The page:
But then, these displays are pretty much par for the course with the deeply weird man who helps steward our discourse—with Jack Welch’s most troubled “Lost Boy.” As Karen Russell noted at Sunday’s Huffington Post, Matthews slobbered all over the Obama, Rudy, and Hot-for-Hillary Girls for two full segments of another recent Hardball. (See THE DAILY HOWLER, 7/25/07. For embarrassing chatter from that cringe-making program, see the transcript in Russell’s post.) “Be careful with the advances you are making with your eyes right now,” Chris told young Amber Lee Ettinger that day. “I'm not a casting agent.”

Oh yeah? Anyone want to bet?

For these and many other reasons, we don’t know why Digby seemed surprised by Matthews’ conduct last Friday. Matthews has had obvious on-air problems with women dating back to the late 1990s, when he would savage liberal women who challenged his rants against Clinton and Gore. (Remember him? The last nominee we refused to defend?) During this same epoch, of course, Matthews would fall all over himself with praise for his darling, the Faire Lady Willey, who would periodically arouse his admiration with her bizarre accusations on Hardball against the pet-killer, Bill Clinton.

(In August 1999, Matthews gave Gennifer Flowers a full half-hour to accuse both Clintons of serial murders. “You're a very beautiful woman,” the long-term nut-case said at one point. “And I have to tell you—he knows that, you know that, and everybody watching knows that. Hillary Clinton knows that!” “Gosh, you’re making me blush here,” the chanteuse replied, briefly putting murder charges on hold. Matthews came right back at his guest: “It's an objective statement, Gennifer. I'm not flirting. So let's go on.”)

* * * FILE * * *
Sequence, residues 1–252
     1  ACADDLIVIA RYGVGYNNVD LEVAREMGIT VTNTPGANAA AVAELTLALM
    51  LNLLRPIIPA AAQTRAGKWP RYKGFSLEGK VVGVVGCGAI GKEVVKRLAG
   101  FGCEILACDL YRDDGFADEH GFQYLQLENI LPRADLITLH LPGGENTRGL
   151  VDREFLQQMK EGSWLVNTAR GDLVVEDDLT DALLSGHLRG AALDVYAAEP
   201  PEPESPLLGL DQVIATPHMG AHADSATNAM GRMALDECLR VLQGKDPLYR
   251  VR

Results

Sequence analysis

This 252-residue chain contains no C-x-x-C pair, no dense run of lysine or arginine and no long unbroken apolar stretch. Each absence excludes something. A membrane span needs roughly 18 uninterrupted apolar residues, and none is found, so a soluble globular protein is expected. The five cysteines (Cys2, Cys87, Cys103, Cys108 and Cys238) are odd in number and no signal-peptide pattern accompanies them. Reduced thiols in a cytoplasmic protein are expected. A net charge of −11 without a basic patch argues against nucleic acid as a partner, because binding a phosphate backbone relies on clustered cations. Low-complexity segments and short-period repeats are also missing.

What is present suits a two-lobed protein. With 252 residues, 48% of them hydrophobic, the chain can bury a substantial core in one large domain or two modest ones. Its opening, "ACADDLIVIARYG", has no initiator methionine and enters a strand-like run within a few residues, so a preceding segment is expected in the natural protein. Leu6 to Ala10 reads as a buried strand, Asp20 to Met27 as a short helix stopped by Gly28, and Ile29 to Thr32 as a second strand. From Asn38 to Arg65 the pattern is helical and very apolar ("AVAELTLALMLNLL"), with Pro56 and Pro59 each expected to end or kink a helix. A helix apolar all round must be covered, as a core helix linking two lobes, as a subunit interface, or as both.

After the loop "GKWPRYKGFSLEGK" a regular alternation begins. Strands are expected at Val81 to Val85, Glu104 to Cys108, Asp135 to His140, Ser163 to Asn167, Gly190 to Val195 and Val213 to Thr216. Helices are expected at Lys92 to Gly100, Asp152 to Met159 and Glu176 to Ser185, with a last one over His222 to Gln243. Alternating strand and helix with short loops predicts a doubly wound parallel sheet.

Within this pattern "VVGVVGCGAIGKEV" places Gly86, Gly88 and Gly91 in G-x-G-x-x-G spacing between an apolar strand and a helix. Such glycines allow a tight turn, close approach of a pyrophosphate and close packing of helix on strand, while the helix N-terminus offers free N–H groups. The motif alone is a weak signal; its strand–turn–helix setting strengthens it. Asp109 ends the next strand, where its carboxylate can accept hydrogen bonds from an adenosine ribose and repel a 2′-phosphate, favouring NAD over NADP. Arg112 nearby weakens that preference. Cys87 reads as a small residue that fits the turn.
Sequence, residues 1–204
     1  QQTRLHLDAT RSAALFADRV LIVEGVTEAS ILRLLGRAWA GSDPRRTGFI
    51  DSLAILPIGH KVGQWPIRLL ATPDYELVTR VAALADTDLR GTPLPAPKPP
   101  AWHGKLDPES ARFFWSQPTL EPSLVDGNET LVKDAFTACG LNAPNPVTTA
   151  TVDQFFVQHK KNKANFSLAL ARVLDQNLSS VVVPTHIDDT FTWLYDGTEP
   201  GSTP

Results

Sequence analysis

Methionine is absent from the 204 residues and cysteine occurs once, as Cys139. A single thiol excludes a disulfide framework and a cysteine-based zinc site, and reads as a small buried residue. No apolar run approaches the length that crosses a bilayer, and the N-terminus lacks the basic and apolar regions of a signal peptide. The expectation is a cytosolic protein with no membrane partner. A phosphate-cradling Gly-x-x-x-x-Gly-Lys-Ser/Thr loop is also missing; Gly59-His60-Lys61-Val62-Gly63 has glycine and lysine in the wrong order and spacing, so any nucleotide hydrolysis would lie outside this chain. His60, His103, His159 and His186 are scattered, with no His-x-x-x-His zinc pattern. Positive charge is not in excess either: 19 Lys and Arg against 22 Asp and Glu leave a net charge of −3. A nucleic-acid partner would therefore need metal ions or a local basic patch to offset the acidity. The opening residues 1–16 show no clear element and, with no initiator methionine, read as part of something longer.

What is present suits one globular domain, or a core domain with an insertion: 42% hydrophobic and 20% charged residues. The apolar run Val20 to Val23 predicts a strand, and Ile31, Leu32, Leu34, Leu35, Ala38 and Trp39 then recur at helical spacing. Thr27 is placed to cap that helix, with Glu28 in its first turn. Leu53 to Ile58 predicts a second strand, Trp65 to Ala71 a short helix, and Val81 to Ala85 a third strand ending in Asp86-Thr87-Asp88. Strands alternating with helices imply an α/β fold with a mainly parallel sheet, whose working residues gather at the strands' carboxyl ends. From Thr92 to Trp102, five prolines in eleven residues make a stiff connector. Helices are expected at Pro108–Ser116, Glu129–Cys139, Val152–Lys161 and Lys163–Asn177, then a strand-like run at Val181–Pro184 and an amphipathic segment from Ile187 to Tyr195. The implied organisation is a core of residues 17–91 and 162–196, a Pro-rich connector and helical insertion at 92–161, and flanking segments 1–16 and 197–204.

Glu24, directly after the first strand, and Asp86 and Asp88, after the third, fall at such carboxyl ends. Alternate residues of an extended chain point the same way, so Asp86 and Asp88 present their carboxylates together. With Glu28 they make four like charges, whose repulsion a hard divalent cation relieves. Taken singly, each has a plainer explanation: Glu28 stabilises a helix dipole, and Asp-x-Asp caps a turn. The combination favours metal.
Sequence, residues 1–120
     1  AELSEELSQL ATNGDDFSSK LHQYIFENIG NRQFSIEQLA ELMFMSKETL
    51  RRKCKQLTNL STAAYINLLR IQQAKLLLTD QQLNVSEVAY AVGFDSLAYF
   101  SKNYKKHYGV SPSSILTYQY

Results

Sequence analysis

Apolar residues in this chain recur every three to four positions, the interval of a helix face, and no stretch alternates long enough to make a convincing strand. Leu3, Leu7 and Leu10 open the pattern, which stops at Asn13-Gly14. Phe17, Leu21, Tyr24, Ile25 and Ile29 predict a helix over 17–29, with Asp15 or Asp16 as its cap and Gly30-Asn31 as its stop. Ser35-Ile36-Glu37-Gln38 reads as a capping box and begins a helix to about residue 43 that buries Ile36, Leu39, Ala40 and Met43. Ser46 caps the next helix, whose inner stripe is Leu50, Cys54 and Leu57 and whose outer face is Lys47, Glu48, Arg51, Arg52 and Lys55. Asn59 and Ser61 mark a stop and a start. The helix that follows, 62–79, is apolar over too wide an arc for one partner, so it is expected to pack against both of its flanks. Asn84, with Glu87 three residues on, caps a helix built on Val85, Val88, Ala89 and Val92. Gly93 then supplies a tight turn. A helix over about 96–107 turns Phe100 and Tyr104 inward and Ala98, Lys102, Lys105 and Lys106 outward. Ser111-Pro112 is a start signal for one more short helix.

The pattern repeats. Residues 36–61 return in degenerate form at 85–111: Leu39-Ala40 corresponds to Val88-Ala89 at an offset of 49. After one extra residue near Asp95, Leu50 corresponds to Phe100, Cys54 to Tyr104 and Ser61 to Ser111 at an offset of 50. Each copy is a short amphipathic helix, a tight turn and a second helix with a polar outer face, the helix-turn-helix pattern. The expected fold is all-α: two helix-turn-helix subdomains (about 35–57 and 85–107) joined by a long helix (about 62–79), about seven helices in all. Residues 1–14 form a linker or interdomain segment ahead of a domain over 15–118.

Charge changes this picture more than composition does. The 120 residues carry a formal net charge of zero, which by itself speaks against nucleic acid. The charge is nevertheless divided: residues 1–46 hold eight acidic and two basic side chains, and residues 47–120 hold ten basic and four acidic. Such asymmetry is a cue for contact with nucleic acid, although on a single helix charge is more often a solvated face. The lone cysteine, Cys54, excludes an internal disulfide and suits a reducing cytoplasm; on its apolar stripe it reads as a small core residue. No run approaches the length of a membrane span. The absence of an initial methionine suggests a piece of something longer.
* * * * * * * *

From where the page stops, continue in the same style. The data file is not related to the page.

So yes, Matthews has long been a public crackpot when it comes to his conduct toward women. This has been discussed, sometimes widely, for the past ten years. But by far, Matthews’ most consequential expression of this problem in the past year was the stream of gender-based insults he directed at a major presidential candidate—at a certain "strip-teaser," "giggling girl" "uppity woman"—earlier in 2007. (In recent months, he has dialed this back a bit. He may have done this because some of us complained, while most of us notably didn’t.) And now we get to our accusation: The liberal web was amazingly tolerant of that disgraceful conduct by Matthews—when it was being directed at Hillary Clinton. Maybe we'll wait seven more years to complain, the way we did with Candidate Gore. Maybe we’ll wait until we get peeved about Giuliani’s mad war.

We’re amazed—and almost disgusted—by some reactions around the web to the latest nonsense by Matthews. We’re going to stop right here today, knowing how delicate feelings can be—and how bad our judgment has been, having defended Gore and all. But Matthews’ problems with women have long been quite obvious—and his problems have been acted out quite clearly in his treatment of Campaign 08. We don’t know why liberals looked away—or why we should be surprised now.

P.S. We just read Digby’s comments on the day of the war resolution. Digby was right on the money.

LET’S BE CLEAR: Regarding Matthews’ gender-based insults of Clinton, Media Matters complained, again and again. To the best of our recollection, amazingly few other “libs” did.

By the way: It was our disgust with Matthews’ gender-based trashing of Clinton which finally led us to discuss this two-year-old, private incident. Yesterday, Digby linked to that post in an update. In our view, it would be much more productive to discuss this gentleman’s public conduct—the conduct which might once again change the course of world history. (As he changed history during Campaign 2000 with two solid years of disgraceful Gore-trashing.) Of course, if we simply hope that Obama or Edwards will win (either option is OK with us), we could always express that thought too. But good grief! Could we stop pretending that Matthews’ conduct toward Burnett is more significant than his conduct toward Clinton?

For ourselves, we’re with Kos. We don’t yet know who we’ll vote for. We do want the Dem nominee in the White House. Do you? (It isn’t required.)